Human rights group says Chechen leader questioned 1,000 villagers in bid to find lost iPhone

While Ramzan Kadyrov, head of Russia's Chechen Republic, made his name as a leader during the brutal and chaotic Second Chechen War, nowadays his international fame might come from something else: His love of the photo-sharing app, Instagram. The Chechen leader has almost half a million followers on the service, and his photos present an almost psychedelic collage of his life, with images of Kadyrov weightlifting or firing guns sitting next to images of him playing with tigers and eating lavish meals.

Kadyrov's Instagram account has become important to his life: He hired one lucky follower to join his government last year, and when he lost his dog "Tarzan" a few months ago, he used the service to track down the Caucasian shepherd.

So what happens when Kadyrov's tool for using his Instagram, his iPhone, goes missing? According to Russian human rights group Memorial, Kadyrov misplaced his phone at an opening at the "Shira-Yurt" museum near the village of Germenchuk on Saturday. The museum, a model of a traditional Chechen village, was celebrating a wedding that day.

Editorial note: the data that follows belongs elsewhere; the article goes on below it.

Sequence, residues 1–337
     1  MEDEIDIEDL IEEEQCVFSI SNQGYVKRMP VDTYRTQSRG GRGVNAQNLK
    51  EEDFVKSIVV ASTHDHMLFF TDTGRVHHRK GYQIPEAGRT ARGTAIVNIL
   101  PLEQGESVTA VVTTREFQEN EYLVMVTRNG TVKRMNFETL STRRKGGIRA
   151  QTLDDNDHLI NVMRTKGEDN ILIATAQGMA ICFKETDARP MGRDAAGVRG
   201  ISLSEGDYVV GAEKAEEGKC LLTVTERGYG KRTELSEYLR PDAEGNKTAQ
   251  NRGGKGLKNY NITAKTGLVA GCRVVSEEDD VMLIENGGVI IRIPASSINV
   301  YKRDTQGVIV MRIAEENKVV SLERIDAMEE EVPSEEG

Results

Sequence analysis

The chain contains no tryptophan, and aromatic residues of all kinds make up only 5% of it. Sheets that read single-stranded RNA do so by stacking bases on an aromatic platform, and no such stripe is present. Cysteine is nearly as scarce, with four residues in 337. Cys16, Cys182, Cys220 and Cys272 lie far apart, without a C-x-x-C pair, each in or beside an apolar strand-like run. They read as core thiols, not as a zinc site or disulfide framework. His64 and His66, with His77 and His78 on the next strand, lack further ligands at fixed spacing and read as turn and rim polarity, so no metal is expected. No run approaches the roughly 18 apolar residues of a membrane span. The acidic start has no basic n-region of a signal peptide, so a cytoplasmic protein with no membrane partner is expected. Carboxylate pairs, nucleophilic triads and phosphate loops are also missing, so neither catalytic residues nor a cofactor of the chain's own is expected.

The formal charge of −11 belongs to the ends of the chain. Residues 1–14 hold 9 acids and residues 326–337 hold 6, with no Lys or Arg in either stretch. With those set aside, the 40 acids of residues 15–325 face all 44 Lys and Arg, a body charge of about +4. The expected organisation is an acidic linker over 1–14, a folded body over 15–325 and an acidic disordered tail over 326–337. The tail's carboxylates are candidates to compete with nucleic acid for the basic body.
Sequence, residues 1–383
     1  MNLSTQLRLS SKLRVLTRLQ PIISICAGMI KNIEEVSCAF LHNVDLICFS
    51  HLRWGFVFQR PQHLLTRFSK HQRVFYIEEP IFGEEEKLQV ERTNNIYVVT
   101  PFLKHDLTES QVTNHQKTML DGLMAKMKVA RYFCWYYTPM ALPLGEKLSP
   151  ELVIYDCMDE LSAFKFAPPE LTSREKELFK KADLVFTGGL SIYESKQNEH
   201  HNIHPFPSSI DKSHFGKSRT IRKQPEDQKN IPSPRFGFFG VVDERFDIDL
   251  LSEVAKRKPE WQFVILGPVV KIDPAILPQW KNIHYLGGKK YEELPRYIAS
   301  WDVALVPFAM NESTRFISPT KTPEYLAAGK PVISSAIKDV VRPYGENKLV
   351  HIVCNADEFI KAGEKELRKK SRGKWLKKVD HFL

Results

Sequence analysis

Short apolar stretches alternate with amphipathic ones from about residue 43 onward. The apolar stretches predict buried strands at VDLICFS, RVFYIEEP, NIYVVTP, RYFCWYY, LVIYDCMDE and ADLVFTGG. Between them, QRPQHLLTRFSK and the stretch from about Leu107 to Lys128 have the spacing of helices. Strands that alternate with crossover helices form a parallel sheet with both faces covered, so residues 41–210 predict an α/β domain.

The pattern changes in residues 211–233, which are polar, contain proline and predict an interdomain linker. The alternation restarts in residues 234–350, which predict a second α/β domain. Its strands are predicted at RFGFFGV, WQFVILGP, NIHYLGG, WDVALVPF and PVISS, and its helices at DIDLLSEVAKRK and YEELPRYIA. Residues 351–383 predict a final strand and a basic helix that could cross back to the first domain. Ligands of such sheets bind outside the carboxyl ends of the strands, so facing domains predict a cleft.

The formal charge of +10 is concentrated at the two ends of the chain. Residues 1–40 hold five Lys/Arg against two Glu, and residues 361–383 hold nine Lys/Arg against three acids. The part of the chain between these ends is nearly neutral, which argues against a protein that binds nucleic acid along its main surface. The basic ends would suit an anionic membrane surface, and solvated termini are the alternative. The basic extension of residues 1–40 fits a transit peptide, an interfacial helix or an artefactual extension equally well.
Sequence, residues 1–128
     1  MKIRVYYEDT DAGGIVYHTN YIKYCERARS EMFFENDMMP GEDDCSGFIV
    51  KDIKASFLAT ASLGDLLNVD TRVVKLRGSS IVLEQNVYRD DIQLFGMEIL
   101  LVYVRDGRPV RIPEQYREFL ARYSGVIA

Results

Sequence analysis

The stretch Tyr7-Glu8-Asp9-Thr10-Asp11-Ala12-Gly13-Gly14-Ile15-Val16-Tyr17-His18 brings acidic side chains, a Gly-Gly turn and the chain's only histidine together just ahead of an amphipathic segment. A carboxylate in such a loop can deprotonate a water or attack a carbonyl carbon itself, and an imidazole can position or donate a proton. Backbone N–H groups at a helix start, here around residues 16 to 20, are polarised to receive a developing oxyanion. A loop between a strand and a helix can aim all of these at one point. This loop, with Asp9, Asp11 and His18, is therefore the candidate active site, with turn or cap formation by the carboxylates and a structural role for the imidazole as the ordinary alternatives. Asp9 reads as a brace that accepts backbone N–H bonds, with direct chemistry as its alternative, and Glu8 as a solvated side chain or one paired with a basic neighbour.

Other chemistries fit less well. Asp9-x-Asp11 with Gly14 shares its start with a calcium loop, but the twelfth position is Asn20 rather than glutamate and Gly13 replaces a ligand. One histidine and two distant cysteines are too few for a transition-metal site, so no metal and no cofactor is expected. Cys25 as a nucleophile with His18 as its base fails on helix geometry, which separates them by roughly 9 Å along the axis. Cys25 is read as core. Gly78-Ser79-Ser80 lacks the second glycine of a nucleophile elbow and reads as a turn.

During the wedding, there was an announcement over loud speakers that Kadyrov had lost his phone, according to Memorial. After the guests went home, the human rights group says that over 1,000 people, including children, were called back to answer questions about the phone. Memorial says that most were only able to return home in the morning.

Kadyrov's office has denied the claims, but Radio Free Europe/Radio Liberty say they spoke to a number of local officials who were able to confirm the incident. The Chechen leader had been posting photographs from the museum to his Instagram account from Shira Yurt:

While Memorial's statement couldn't confirm whether Kadyrov found his phone or not, the Chechen leader was posting to his Instagram account again on Sunday:

While Memorial is primarily a historical organization, it has become well-known in Chechnya for documenting human rights abuses. In 2009, Natalia Estemirova, an activist from the group who was investigating government-backed militias, was abducted and murdered. Kadyrov publicly condemned the assassination, though the killers were never found.

Adam Taylor writes about foreign affairs for The Washington Post. Originally from London, he studied at the University of Manchester and Columbia University.



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